Hoel and his collaborators claim to show that new causes—things that produce effects—can emerge at macroscopic scales. They say coarse-grained macroscopic states of a physical system (such as the psychological state of a brain) can have more causal power over the system’s future than a more detailed, fine-grained description of the system possibly could. Macroscopic states, such as desires or beliefs, “are not just shorthand for the real causes,” explained Simon DeDeo, an information theorist and cognitive scientist at Carnegie Mellon University and the Santa Fe Institute who is not involved in the work, “but it’s actually a description of the real causes, and a more fine-grained description would actually miss those causes.”
Still wearing his headset, Greene opens up the floor for questions. One student, from Denmark, asks, “How does it feel to be teaching in the next step of education?” As Greene answers—about how it’s so wonderful that people from around the globe can gather and share complex ideas like this—a student flings a virtual tesseract at the teacher’s head. Next step, indeed.
How do we leverage student grouping to best promote achievement?
This is a question teachers and administrators ask themselves almost daily. Unfortunately, there are few clear or easy answers. But we can draw out a few general principles from recent research and other sources of knowledge that may help to inform our instructional practice.
It’s important to acknowledge there’s often a steady pressure on teachers to utilize group work. And for some teachers, grouping students by ability can make serving a wide disparity of different levels of students more manageable.
But there’s an often unstated assumption: group work is inherently superior to whole class or independent learning. But is group work always better than other modes of learning?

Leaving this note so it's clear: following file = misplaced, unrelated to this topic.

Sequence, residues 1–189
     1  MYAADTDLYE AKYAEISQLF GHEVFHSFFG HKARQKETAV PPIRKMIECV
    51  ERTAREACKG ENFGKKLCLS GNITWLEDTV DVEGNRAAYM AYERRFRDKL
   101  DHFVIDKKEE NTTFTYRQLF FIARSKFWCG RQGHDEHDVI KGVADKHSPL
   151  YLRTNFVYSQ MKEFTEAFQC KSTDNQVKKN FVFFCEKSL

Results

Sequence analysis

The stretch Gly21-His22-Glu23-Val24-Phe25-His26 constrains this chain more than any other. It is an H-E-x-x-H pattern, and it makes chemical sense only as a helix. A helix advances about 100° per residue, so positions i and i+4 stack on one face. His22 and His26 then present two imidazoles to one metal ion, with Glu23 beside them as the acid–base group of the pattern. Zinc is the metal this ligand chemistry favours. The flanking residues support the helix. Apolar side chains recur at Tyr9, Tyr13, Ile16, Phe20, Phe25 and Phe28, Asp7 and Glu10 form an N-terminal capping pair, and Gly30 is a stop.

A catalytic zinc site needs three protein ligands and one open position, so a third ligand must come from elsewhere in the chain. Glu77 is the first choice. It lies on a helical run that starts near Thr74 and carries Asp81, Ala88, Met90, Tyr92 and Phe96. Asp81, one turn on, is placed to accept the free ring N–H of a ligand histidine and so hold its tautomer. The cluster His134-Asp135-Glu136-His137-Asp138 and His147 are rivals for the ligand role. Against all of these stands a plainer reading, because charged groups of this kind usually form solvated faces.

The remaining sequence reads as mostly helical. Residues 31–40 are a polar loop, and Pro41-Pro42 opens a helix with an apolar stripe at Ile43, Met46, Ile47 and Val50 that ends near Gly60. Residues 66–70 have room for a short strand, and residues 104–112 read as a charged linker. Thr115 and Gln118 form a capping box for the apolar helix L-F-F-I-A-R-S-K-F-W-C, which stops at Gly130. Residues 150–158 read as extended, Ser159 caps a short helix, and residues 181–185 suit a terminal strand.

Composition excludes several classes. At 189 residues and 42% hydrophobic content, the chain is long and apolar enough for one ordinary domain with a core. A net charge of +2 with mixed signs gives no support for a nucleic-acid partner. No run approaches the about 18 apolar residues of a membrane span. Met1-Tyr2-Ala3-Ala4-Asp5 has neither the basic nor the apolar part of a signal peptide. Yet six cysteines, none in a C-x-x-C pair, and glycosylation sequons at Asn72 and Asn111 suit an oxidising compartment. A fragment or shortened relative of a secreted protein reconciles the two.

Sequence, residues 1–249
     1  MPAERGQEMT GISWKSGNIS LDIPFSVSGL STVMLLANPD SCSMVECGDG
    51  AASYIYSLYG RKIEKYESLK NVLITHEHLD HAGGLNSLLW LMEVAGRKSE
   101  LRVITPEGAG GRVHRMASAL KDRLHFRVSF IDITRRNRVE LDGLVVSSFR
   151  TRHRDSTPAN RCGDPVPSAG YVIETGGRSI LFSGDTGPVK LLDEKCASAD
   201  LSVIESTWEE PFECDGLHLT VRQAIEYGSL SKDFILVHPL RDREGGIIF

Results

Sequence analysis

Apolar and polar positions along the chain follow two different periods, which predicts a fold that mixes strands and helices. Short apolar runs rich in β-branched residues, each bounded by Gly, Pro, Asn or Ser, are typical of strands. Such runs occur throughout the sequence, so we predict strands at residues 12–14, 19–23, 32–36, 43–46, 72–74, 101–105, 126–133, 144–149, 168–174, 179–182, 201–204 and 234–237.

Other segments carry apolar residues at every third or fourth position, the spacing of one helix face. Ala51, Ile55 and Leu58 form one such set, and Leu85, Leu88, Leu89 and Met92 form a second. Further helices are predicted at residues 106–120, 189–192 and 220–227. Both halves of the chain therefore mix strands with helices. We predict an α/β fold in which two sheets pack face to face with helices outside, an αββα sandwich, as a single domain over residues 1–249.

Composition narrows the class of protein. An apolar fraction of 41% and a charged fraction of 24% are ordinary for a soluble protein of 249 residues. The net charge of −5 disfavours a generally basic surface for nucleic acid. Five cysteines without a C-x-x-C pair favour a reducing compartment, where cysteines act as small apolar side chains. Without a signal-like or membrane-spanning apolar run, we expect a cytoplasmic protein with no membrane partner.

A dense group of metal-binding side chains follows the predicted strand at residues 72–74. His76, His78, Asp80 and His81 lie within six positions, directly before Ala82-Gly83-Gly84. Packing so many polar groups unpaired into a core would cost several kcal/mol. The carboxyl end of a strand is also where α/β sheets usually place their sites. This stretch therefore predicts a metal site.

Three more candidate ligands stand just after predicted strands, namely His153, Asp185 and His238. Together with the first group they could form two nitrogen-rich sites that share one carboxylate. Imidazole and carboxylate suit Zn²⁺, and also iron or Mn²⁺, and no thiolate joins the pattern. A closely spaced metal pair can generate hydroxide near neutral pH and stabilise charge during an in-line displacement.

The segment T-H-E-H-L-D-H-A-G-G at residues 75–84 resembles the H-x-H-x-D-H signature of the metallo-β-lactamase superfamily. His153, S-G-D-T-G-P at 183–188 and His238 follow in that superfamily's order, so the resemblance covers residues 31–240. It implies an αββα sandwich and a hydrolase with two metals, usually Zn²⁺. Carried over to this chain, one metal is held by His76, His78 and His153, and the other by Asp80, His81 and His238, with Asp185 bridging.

Tom Bennett, a British behavioral specialist, argues in an article in American Educator, “Group Work for the Good,” that there is little research to suggest group work is better for academic learning. Bennett cautions teachers to only “use group work when you feel it is appropriate to the task you want your students to achieve, and at no other time.”
OK, but what are the times when group work is appropriate? Douglas Fisher and Nancy Frey, in their book, Guided Instruction: How to Develop Confident and Successful Learners, offer some important insight. Here’s a short passage from their first chapter:
“. . . an understanding of memory systems has profound implications for instruction, which include creating systematic and intentional scaffolds of students’ understanding rather than leaving them alone to discover information independently. That’s not to say that students should not work together in collaborative learning; they should. We have argued for productive group work in which students interact with one another and generate ideas to produce individual works (Frey et al., 2009). But this work must center on the consolidation and application of content that students already know. It’s neither the time nor the place to introduce new information. Doing so would overload the working memory system and fail to ensure learning” (Bold added).